My father is just one example of many. In high school he discovered a stack of journals and papers I had hidden in my room. Some things I had written were just poems about God, my purpose, my life....others mentioned my struggles with self-esteem, depression, how trapped I felt, and my will to live-or not live... You would've thought I had written blasphemes the way this man reacted. Instead of recognizing the fact that his 14 year old daughter needed help and that his abuse was destroying me, he beat the hell out of me and told me how awful I was, and how God hated me because of the things I had written.  He said I had no right to divulge my inner most thoughts and feelings on paper-said I was crazy and evil for expressing myself. Well, you can imagine the impact that had on me. He ripped up most of it in front of me...a couple of journals he said he was going to keep to "prove to people how crazy and horrible" I was, so they could see why he treated me the way he did, like telling me everyday he wanted to kill me. (Yes, my father was an insane person and a horrible parent-I know that now, but didn't know it back then.)

So that pretty much started a pattern of people closest to me not responding well to my writings....

When I started writing this post I didn't intend to go in this direction...my intentions in talking about "confessions" were to just give a little backstory on why I write on this blog and then dive into a...well...a confession lol...a startling revelation I made today while talking to and deciding to be very honest with God. (After experiencing what I did as a kid/teen with my dad, you can imagine why being honest with God is difficult and a process I'm learning my way through-but I've definitely found freedom when I am honest with Him, so, I'm working on it :) ) But seeing as though I dove deeper than I intended I don't want to "muddy" this post with the confession...I'll save it for the another post.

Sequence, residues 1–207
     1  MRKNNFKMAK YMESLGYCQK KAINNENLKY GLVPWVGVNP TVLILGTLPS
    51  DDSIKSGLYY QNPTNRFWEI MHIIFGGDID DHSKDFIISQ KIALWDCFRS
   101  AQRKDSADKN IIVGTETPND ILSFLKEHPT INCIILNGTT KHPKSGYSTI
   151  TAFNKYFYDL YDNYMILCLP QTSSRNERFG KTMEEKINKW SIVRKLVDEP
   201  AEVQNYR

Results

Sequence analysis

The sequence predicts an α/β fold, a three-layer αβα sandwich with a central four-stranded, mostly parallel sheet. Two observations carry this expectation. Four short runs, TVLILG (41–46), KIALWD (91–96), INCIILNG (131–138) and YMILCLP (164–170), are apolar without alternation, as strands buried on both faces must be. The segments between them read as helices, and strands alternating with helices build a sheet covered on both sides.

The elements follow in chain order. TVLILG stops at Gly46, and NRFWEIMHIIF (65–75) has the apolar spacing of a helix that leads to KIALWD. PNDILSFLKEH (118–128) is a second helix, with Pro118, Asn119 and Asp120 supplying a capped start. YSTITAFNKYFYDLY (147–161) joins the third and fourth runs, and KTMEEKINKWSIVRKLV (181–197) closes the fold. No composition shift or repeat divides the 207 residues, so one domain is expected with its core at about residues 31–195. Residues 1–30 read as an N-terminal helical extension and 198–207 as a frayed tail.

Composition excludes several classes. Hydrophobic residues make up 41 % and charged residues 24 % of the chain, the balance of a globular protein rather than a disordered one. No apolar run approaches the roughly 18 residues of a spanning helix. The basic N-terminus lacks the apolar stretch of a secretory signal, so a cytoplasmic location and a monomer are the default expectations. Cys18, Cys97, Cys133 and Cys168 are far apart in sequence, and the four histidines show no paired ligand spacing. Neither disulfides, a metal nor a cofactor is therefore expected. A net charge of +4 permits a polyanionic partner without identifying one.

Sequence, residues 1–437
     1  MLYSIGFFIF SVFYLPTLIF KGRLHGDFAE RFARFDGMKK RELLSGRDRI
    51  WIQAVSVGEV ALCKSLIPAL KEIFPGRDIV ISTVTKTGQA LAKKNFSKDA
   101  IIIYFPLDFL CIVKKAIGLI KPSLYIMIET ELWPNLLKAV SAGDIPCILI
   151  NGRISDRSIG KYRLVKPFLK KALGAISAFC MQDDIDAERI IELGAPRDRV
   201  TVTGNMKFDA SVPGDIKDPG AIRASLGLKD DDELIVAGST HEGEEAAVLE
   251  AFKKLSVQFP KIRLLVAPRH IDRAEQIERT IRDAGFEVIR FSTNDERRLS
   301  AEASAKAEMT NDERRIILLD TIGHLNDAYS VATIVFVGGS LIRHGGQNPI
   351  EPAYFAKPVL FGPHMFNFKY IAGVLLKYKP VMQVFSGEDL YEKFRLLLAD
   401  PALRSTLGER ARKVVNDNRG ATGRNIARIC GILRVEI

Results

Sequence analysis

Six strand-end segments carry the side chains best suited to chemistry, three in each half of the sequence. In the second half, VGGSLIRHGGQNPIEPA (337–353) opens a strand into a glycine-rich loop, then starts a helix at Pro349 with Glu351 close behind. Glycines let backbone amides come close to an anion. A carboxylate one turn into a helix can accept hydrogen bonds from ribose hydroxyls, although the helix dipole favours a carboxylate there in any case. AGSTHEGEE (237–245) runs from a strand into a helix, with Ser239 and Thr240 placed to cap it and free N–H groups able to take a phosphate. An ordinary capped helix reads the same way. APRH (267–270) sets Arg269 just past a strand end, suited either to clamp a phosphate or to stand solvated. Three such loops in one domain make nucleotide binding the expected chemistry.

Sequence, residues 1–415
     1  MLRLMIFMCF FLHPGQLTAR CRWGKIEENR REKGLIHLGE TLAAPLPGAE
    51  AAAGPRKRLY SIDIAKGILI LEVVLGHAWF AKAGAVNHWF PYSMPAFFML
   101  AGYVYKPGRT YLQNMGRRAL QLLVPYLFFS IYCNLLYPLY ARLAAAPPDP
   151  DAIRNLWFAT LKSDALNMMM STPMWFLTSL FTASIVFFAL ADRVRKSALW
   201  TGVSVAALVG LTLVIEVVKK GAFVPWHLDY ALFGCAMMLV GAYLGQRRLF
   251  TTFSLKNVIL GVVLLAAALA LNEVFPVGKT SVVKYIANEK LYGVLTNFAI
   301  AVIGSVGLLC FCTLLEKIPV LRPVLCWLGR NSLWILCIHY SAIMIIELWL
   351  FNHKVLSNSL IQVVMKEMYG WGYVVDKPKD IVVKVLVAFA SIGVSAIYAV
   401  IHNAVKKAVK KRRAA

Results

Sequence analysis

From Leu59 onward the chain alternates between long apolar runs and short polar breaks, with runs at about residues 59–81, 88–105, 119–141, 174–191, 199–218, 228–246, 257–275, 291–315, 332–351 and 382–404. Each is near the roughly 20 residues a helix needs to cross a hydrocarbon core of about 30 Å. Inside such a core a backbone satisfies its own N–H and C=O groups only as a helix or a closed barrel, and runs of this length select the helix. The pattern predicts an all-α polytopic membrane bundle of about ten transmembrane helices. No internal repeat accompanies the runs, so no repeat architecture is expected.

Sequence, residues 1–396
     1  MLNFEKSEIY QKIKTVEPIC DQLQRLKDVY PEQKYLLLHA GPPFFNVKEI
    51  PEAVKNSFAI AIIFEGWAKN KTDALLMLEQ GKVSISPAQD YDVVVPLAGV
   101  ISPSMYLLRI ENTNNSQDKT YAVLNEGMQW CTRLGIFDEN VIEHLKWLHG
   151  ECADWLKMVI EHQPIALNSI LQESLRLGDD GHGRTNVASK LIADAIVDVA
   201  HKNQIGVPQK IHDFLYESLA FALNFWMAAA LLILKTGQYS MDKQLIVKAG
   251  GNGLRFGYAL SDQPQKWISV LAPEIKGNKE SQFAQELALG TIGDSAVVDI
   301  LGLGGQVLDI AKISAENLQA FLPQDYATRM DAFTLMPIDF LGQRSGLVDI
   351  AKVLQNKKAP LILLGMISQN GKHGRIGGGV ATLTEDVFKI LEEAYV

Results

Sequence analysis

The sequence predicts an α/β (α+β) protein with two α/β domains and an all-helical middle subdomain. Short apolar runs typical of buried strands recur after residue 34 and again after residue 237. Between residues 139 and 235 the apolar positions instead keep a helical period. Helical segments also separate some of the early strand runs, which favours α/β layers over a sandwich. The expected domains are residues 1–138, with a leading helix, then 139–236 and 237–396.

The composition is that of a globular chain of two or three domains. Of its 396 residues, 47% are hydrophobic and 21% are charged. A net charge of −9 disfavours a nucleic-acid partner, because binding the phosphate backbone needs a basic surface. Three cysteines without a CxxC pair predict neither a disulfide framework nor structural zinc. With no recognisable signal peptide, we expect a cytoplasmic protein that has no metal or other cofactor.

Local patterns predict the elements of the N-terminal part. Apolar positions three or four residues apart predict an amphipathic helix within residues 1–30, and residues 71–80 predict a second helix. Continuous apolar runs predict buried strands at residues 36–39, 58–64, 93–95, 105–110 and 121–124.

Who knows? Maybe my intentions in writing this weren't His....I'm an idealist, and I always believe that everything happens for a reason...so that being said, this might not have been the destination I wanted for this post, but maybe it turned out this way and arrived here for reasons only He knows... I'm okay with that :)